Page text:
All of these translations I made for use in the classroom. They are for the most part accurate and reliable but not polished. Where I am unsure about a translation, I make that clear in brackets or in footnotes. Feel free to download for your own reading pleasure and distribute for the reading pleasure of others. If something in these translations makes it into a paper or book, that would make me happy, and I’d like to know about it.

Thomas Compton Carleton against Descartes’s rejection of forms: Cursus Philosophicus Universus 3rd ed., Antwerp 1698, disp. 11-12 (selections).

Thomas Compton Carleton was a Spanish trained Jesuit from Cambridge who spent his career teaching philosophy and theology in Belgium. This text contains some entertaining snark, and it reflects a scholastic attitude both towards Descartes as a philosopher and towards Cartesian doctrines. It includes some interesting arguments against Descartes’s mechanical explanation of heat.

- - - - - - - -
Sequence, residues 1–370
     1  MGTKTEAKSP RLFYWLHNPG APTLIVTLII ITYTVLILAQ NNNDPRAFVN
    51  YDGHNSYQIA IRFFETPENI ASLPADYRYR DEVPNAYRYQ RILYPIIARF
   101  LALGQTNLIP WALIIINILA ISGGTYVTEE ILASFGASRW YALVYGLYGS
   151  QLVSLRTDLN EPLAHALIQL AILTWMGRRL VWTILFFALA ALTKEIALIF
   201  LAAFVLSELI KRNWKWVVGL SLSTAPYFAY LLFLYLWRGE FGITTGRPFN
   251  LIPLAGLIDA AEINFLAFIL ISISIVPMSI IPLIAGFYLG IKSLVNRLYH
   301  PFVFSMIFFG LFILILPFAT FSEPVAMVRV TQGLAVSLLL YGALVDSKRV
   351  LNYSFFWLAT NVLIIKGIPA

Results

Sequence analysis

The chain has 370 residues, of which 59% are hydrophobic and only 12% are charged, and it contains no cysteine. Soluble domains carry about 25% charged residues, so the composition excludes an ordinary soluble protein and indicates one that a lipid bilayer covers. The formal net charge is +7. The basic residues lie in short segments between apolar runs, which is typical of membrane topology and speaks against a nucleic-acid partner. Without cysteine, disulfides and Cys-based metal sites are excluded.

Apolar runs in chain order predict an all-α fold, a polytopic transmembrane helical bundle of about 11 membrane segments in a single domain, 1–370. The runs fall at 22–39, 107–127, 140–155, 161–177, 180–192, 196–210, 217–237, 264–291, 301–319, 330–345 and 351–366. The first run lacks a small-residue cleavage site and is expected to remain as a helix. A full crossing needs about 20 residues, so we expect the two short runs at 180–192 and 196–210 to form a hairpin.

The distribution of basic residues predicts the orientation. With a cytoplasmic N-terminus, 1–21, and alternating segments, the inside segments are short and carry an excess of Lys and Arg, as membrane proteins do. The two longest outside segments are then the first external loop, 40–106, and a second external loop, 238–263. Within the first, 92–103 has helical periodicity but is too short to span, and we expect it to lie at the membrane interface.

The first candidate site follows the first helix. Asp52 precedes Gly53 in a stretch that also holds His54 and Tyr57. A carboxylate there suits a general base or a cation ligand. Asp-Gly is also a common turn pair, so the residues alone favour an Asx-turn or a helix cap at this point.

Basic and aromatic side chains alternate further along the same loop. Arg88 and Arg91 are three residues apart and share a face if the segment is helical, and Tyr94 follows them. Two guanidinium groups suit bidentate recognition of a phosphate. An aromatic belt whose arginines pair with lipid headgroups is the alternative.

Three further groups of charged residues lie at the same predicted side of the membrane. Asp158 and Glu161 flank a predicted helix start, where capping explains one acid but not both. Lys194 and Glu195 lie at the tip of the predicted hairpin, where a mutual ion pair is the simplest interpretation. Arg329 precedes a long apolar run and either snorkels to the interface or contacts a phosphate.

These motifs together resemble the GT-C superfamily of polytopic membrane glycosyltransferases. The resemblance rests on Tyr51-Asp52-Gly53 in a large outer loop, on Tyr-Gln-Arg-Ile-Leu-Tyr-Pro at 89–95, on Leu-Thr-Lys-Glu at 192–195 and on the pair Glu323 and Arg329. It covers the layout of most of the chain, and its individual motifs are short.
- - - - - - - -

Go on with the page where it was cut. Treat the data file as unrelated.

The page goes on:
Hurtado on truth and (divine) lies

Pedro Hurtado de Mendoza on truth: Universa philosophia, Lyon, 1624, de substantia corporea  animata, d. 9, ss. 1-5, pp. 573-584.

In this text Hurtado defends the unusual view that the truth of a proposition is identical (and therefore essential) to that proposition. The text also includes an interesting discussion of whether or not a proposition can change truth-value. Hurtado says it cannot because a time-index is part of the content of any proposition.

Pedro Hurtado de Mendoza on whether God can lie: Scholasticae et morales disputationes de tribus virtutibus theologicis, vol. 2, De fide, 1631.

Hurtado maintains that God cannot lie, but what this claim amounts to is surprising. Only certain kinds of speech count as lying. So the question whether God can deceive us, say, is very different from the question whether God can lie to us. On Hurtado’s view, God can deceive us in all kinds of ways, since not all deception is brought about by means of speech.